This is the instuctor version of this article. For the student version, click here:
TipTheDie-Students.html
Introduction
Tip the Die is a two player game similar in style to the Subtraction Game or NIM but with more (or just different) strategy.
History
I don't know much about the history of this game. My son has worked at the local Renaissance Festival since high school. Several years ago, he came home and said one of the staff was playing a game after hours and no one could beat him. He asked me if I could analyze the game and give him a winning strategy. When I looked at the game I found it has a very interesting structure and complex strategy. While it has a similar structure to the Subtraction Game or NIM, it is significantly more complex. He said that the game was called the Game of 31, but since the number 31 is not significant to the strategy, I have come to call it Tip the Die because you tip a die to one of the adjacent sides without turning it over or rolling it.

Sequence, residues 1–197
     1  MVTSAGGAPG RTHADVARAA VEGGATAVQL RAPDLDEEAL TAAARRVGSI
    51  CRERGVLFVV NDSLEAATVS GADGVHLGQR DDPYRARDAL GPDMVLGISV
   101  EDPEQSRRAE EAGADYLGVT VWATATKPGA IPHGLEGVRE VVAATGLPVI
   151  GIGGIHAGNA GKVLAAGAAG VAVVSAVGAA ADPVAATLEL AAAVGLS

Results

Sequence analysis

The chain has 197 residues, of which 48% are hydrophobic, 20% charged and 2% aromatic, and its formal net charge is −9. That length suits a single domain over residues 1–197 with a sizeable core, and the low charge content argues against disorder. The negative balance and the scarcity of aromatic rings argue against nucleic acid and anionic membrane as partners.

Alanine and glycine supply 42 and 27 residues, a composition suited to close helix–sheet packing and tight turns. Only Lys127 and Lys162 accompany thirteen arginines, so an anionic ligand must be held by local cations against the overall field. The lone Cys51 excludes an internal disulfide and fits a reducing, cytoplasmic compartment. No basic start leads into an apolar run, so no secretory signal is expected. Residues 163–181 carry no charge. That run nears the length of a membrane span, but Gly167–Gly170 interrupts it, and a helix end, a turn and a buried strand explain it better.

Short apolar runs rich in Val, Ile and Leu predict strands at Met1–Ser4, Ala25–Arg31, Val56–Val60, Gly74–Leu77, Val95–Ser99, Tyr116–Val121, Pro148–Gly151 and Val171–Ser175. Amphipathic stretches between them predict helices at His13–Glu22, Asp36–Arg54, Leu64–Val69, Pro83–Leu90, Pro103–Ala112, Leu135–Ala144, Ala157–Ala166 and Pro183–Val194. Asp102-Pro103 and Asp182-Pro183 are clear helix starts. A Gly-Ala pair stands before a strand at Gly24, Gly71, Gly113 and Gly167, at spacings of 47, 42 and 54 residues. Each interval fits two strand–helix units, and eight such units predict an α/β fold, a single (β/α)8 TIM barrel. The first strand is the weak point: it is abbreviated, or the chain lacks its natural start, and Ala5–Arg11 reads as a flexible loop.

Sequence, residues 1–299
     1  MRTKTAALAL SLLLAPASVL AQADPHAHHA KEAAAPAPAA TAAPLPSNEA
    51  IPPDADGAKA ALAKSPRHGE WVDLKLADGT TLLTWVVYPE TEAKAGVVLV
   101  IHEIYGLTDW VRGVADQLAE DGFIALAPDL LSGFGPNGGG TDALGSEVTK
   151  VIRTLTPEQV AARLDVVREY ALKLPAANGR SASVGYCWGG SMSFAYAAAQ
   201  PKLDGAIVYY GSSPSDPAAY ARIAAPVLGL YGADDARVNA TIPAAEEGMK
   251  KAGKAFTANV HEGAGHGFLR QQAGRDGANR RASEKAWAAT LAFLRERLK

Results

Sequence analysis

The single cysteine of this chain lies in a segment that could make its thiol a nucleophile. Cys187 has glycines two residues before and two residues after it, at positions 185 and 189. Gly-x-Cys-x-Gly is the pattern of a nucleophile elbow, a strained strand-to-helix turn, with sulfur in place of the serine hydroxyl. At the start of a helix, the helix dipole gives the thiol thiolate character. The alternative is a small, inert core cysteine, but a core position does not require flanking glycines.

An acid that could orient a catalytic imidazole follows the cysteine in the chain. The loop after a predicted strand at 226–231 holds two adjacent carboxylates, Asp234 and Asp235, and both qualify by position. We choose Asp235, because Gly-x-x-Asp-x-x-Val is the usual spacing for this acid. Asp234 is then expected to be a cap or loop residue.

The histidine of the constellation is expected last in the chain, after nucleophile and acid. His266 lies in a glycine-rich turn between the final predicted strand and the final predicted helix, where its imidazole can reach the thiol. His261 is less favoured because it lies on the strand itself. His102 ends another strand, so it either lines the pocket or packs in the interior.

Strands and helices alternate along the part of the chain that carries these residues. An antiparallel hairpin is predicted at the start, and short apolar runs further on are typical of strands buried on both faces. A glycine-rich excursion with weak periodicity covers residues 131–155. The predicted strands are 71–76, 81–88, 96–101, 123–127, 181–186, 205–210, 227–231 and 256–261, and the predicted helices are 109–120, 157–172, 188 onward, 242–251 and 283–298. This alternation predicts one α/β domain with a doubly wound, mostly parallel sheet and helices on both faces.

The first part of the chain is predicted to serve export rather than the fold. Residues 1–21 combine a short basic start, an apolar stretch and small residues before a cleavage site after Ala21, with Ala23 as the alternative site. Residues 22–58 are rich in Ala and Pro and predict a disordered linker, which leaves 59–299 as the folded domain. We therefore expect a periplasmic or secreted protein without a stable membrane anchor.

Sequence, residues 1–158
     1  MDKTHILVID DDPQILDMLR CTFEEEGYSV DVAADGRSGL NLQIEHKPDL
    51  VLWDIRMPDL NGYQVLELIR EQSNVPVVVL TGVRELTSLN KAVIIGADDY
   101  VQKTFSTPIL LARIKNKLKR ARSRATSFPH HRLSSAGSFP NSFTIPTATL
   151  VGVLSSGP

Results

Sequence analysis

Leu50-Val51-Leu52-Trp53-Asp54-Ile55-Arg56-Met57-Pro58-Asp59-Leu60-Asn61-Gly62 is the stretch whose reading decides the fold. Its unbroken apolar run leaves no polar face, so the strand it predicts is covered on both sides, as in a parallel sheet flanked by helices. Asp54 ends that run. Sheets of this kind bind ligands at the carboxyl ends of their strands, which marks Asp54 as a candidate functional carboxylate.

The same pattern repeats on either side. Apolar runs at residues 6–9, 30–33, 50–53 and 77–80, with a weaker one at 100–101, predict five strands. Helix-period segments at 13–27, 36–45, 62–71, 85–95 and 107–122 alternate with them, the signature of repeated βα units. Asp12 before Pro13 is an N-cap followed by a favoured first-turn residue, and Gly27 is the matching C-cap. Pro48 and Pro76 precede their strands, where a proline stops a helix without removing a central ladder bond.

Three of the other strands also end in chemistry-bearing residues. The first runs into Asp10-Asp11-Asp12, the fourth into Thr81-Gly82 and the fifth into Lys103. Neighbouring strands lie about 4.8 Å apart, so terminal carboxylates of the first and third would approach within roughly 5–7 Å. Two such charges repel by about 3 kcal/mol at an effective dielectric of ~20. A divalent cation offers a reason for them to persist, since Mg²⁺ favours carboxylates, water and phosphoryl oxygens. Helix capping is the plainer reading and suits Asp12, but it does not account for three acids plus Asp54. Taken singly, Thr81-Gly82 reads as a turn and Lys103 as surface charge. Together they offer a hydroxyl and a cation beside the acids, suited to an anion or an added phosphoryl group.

Rules
Start by rolling a six-sided die. The number on top is the current total which is shared by both players and will grow as the game proceeds. The players alternate turns. On a player's turn, the player tips the die to one of the four sides other than the top or bottom, adds the new top to the current total and announces the new current total. The goal is to be the player who makes the current total become 31. If a player makes the current total go over 31, s/he loses. If the previous current total is under 31, the player must move. So the winner is the person who makes the current total become 31 or forces their opponent to go over 31.
First Sample Game:
The initial roll is a 5.
The first player can play anything other than a 5 (top) or 2 (bottom).
The first player plays a 3, the total becomes 8.
The second player can play anything other than a 3 (top) or 4 (bottom).
The second player plays a 2, the total becomes 10.
The first player plays a 6, the total becomes 16.
The second player plays a 4, the total becomes 20.
The first player plays a 1, the total becomes 21.
The second player plays a 5, the total becomes 26.
The first player cannot play the 5 to make 31 because it is on the top.
The first player plays a 3, the total becomes 29.
The second player plays a 2, the total becomes 31.
The second player wins.
Second Sample Game:
The initial roll is a 5.
The first player plays a 3, the total becomes 8.
The second player plays a 2, the total becomes 10.